KABUL (Reuters) – At least 29 members of the Afghan security forces have been killed in Taliban attacks that followed air and ground assaults by government forces on the Islamist group at the weekend.
The surge in hostilities signals deadlock at stop-start peace talks involving U.S and Taliban negotiators in Doha. The Defense Ministry said on Sunday government forces had killed 51 Taliban fighters in the weekend assaults.
But the Taliban hit back, carrying out attacks on security checkpoints in the northern province of Kunduz on Tuesday night in which a security official who declined to be identified said 15 members of the Afghan army were killed.
The Taliban also attacked a police station on Monday night in Pul-e Khomri, capital of the neighboring Baghlan province, killing 14 policemen, said Safdar Muhseni, head of the provincial council.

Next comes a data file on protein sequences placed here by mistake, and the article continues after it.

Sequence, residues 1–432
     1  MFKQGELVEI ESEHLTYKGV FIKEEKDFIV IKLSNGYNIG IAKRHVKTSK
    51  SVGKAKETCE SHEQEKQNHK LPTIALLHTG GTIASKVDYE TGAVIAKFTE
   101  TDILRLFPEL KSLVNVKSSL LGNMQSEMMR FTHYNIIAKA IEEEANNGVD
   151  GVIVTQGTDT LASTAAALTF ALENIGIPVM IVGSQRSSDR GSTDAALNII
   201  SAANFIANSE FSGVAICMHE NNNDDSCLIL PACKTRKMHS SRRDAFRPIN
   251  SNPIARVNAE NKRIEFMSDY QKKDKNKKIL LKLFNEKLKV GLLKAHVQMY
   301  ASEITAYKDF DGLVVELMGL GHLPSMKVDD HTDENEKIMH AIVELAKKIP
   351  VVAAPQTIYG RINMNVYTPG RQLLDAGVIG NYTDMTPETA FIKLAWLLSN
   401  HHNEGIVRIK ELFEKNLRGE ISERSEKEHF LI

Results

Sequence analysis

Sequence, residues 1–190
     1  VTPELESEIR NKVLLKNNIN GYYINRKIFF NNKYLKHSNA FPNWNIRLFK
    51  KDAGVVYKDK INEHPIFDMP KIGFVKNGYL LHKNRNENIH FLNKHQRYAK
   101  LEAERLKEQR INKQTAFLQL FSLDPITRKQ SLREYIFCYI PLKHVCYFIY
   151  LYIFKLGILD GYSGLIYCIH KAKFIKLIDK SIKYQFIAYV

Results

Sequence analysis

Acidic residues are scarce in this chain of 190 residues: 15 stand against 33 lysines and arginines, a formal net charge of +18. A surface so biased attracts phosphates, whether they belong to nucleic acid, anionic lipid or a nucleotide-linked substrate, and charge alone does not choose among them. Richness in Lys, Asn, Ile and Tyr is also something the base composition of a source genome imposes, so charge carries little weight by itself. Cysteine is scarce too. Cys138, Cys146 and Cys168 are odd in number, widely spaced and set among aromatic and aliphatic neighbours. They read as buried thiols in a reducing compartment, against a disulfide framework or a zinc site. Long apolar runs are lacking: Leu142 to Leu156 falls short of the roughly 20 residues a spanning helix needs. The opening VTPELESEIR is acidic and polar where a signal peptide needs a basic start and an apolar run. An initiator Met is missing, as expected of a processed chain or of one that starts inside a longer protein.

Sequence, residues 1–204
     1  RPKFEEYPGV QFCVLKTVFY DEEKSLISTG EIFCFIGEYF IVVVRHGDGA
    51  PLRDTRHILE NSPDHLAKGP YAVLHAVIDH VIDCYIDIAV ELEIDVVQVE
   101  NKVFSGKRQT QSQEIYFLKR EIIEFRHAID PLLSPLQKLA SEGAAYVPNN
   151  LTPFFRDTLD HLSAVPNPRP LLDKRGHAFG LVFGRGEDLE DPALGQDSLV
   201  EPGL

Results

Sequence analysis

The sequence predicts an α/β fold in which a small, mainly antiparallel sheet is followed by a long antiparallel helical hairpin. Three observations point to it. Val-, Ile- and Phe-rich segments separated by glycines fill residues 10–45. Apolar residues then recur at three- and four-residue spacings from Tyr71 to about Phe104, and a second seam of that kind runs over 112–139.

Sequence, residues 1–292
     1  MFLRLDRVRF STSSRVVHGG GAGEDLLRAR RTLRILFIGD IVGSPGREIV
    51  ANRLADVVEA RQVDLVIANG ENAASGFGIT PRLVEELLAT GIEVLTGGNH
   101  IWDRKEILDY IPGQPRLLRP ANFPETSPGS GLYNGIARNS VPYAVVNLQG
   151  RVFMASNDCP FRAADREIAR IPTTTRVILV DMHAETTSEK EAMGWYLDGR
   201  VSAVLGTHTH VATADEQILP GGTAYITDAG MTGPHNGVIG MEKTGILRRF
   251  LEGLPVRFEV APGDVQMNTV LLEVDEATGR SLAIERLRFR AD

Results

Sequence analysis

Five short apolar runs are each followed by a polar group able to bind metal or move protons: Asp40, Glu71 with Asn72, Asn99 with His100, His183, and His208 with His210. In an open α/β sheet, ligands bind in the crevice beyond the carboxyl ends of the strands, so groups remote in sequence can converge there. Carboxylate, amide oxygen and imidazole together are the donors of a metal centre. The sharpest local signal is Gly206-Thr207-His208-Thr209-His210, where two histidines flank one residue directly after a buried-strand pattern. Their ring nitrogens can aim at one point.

Taliban said it was responsible for both attacks. The group's spokesman, Zabihullah Mujahid, said 35 members of the Afghan security forces had been killed in the attack in Kunduz and 17 in Baghlan.
Sources close to the talks in Doha said the Taliban had agreed internally to halt attacks against U.S. forces and “reduce” assaults against Afghan government interests, but clashes between the Taliban and Afghan forces have risen.
Afghan forces and the Taliban also clashed on Tuesday when security personnel tried to access the site of a crashed U.S. military plane in central Afghanistan. U.S. forces were later able to access the site and recover the remains of two personnel and what is believed to be the flight data recorder.